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Concurrent validity of the Swedish version of the life-space assessment questionnaire.

https://arctichealth.org/en/permalink/ahliterature282982
Source
BMC Geriatr. 2016 11 08;16(1):181
Publication Type
Article
Date
11-08-2016
Author
Sofi Fristedt
Ann-Sofi Kammerlind
Marie Ernsth Bravell
Eleonor I Fransson
Source
BMC Geriatr. 2016 11 08;16(1):181
Date
11-08-2016
Language
English
Publication Type
Article
Keywords
Activities of Daily Living
Aged
Aged, 80 and over
Architectural Accessibility - methods - standards
Female
Humans
Independent Living - standards
Male
Mobility Limitation
Reproducibility of Results
Social Support
Surveys and Questionnaires
Sweden - epidemiology
Translating
Abstract
The Life-Space Assessment (LSA), developed in the USA, is an instrument focusing on mobility with respect to reaching different areas defined as life-spaces, extending from the room where the person sleeps to mobility outside one's hometown. A newly translated Swedish version of the LSA (LSA-S) has been tested for test-retest reliability, but the validity remains to be tested. The purpose of the present study was to examine the concurrent validity of the LSA-S, by comparing and correlating the LSA scores to other measures of mobility.
The LSA was included in a population-based study of health, functioning and mobility among older persons in Sweden, and the present analysis comprised 312 community-dwelling participants. To test the concurrent validity, the LSA scores were compared to a number of other mobility-related variables, including the Short Physical Performance Battery (SPPB) as well as "stair climbing", "transfers", "transportation", "food shopping", "travel for pleasure" and "community activities". The LSA total mean scores for different levels of the other mobility-related variables, and measures of correlation were calculated.
Higher LSA total mean scores were observed with higher levels of all the other mobility related variables. Most of the correlations between the LSA and the other mobility variables were large (r?=?0.5-1.0) and significant at the 0.01 level. The LSA total score, as well as independent life-space and assistive life-space correlated with transportation (0.63, 0.66, 0.64) and food shopping (0.55, 0.58, 0.55). Assistive life-space also correlated with SPPB (0.47). With respect to maximal life-space, the correlations with the mobility-related variables were generally lower (below 0.5), probably since this aspect of life-space mobility is highly influenced by social support and is not so dependent on the individual's own physical function.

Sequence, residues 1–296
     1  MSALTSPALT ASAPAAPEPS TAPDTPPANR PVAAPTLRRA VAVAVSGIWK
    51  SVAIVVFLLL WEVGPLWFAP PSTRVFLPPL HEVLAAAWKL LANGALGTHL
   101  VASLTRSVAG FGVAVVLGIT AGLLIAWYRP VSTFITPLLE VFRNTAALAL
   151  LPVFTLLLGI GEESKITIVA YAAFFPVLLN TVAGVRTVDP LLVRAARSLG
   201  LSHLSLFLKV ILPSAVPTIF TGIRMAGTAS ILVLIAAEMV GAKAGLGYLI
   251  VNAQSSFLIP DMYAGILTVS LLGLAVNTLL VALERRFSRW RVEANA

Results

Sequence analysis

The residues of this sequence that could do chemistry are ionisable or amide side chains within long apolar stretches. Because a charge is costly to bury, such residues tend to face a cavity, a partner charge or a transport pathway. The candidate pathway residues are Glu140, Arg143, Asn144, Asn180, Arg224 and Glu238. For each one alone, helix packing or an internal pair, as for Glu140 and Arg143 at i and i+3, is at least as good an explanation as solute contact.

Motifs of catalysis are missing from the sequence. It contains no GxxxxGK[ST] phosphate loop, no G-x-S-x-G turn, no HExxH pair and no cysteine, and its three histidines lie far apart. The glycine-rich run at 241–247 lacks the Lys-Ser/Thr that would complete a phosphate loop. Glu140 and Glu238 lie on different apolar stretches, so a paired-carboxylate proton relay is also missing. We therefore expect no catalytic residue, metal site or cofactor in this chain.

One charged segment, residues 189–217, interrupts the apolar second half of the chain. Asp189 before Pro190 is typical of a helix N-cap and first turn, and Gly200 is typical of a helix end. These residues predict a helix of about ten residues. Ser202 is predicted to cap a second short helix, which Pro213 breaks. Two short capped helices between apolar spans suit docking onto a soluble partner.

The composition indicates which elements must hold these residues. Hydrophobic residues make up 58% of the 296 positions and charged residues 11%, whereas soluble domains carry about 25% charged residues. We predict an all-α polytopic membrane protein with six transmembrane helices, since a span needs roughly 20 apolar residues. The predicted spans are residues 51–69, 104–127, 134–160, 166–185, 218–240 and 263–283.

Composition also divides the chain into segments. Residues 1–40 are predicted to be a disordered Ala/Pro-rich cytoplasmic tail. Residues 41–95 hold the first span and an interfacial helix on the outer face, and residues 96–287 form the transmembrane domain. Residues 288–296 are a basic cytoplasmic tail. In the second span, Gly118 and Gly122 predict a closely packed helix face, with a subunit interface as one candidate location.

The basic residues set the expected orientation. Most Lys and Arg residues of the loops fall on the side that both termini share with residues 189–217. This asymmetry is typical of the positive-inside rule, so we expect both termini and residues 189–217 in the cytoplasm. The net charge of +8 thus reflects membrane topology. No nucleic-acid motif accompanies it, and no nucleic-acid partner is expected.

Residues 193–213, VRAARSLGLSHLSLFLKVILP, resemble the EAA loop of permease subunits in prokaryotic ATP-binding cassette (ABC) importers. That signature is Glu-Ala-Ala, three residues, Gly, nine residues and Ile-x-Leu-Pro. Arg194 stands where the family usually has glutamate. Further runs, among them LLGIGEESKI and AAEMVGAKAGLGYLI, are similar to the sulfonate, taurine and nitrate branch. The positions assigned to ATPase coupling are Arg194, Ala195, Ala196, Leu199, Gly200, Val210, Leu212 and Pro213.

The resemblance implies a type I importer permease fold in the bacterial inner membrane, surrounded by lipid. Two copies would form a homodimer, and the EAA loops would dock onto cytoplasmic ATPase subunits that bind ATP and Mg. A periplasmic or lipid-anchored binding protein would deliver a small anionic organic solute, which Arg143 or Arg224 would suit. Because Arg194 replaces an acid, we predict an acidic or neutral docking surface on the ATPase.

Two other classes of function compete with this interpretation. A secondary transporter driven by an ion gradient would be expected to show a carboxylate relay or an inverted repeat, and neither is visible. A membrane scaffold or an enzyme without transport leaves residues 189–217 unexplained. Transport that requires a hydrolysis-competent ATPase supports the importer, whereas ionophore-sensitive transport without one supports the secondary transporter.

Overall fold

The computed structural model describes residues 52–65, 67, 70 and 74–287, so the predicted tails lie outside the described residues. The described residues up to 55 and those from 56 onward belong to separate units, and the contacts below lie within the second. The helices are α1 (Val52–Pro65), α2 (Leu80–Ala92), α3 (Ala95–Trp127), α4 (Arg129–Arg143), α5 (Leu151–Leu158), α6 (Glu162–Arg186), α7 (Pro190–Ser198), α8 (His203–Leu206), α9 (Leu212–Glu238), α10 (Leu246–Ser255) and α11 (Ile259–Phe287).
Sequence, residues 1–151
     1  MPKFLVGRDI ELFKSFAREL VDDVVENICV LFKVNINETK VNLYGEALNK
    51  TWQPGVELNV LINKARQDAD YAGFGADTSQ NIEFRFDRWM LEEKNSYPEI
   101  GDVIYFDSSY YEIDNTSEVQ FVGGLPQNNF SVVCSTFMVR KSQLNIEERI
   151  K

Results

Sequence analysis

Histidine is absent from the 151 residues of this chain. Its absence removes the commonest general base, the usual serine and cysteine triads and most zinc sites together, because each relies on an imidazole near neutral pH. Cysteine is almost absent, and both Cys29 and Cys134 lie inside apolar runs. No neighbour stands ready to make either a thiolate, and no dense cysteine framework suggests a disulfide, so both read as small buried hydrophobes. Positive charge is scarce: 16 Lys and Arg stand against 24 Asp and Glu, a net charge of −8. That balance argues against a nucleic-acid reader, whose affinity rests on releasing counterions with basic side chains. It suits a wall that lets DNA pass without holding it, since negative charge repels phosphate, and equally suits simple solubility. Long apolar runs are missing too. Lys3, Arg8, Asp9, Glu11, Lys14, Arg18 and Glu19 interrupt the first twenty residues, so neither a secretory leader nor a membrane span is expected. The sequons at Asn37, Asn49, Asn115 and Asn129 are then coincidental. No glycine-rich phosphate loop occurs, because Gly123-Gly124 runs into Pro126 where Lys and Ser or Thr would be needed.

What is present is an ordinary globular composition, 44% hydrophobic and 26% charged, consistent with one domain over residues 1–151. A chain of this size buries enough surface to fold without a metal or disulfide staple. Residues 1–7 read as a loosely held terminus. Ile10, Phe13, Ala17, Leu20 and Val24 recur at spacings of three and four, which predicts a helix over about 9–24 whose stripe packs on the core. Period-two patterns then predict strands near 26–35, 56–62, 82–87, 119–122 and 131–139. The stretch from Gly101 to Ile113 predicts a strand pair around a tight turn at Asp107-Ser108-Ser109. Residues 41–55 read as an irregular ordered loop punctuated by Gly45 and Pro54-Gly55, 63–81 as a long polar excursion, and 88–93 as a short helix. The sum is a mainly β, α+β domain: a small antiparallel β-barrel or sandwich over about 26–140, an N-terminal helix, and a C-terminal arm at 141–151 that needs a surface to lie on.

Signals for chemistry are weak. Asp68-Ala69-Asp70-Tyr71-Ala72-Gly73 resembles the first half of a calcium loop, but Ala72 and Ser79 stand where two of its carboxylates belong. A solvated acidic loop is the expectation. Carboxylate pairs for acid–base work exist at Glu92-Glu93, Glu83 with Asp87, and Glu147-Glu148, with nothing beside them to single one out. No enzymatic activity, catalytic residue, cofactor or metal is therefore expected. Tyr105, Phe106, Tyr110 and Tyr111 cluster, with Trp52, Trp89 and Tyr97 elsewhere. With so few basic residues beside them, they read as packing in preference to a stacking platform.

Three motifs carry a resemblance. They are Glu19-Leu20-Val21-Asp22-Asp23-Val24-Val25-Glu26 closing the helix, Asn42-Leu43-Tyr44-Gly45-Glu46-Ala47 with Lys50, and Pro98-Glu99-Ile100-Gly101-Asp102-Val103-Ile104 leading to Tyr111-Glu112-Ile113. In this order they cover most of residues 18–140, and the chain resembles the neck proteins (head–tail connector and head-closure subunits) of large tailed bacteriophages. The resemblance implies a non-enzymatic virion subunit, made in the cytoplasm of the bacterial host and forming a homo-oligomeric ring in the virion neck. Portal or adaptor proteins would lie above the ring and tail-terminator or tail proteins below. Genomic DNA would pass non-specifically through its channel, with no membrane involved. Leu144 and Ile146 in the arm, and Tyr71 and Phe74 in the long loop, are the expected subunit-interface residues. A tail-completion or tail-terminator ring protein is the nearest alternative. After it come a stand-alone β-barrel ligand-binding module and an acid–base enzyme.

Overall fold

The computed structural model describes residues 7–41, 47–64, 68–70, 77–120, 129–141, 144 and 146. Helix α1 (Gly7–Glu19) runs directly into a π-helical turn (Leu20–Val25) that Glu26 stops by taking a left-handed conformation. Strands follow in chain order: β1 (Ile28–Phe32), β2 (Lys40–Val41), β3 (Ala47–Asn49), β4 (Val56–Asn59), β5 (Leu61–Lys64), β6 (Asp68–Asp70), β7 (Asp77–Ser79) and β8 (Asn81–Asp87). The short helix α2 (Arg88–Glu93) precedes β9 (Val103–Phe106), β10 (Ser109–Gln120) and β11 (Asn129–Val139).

LSA was shown to be a valid measure of mobility when using the LSA total, independent LS or assistive LSA.
Notes
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PubMed ID
27821138 View in PubMed
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Do personal assistance activities promote participation for persons with disabilities in Sweden?

https://arctichealth.org/en/permalink/ahliterature294940
Source
Disabil Rehabil. 2017 12; 39(24):2512-2521
Publication Type
Journal Article
Date
12-2017
Author
Heléne von Granitz
Ieva Reine
Karin Sonnander
Ulrika Winblad
Author Affiliation
a Department of Public Health and Caring Sciences , Uppsala University , Uppsala , Sweden.
Source
Disabil Rehabil. 2017 12; 39(24):2512-2521
Date
12-2017
Language
English
Publication Type
Journal Article
Keywords
Adolescent
Adult
Child
Disabled Persons - psychology - rehabilitation - statistics & numerical data
Female
Healthcare Disparities
Human Rights - standards
Humans
Independent Living - standards
Interpersonal Relations
Male
Middle Aged
Needs Assessment
Public Policy
Social Participation
Social Security - standards
Surveys and Questionnaires
Sweden - epidemiology
Abstract
To examine how the right to participation according to Article 19 of the United Nations' Convention on the Rights of Persons with Disabilities (UNCRPD) is promoted by personal assistance use in Sweden across age, gender and eligible person categories.
Register data and data from a questionnaire were used (N?=?15,289). Principal component analysis was performed and the internal consistency was tested. Descriptive statistics (?2 test) were used across age, gender and eligible person categories and components.
An uneven distribution of personal assistance across the components Health and Care; Home, Leisure and Social Interaction; and Daily Occupation was found. Significant differences in personal assistance reported were found between children and adults, men and women and between the three eligible person categories.
The discrepancy between reported and expected outcome of personal assistance indicates that Article 19 of the UNCRPD has not been met. The unequal access to participation across age, gender and eligible person categories would seem to further signify that the Act concerning Support and Service for Persons with Certain Functional Impairments is promoting activities of a caring nature rather than fulfilling Article 19 of the UNCRPD, i.e. ensuring full participation in society. IMPLICATIONS FOR REHABILITATION Government assistance allowance were granted for predominantly health and care, i.e. basic needs presenting risk of undermining the intention of participation in society. Men reported more personal assistance use for activities promoting participation than women. The discrepancy found between reported and expected outcome of personal assistance underlines the importance of service providers and administrative officials being sensitive to policy intentions. There is a need of guidelines for service providers and administrative officials to promote disability rights of participation for persons eligible for personal assistance.
PubMed ID
27796138 View in PubMed
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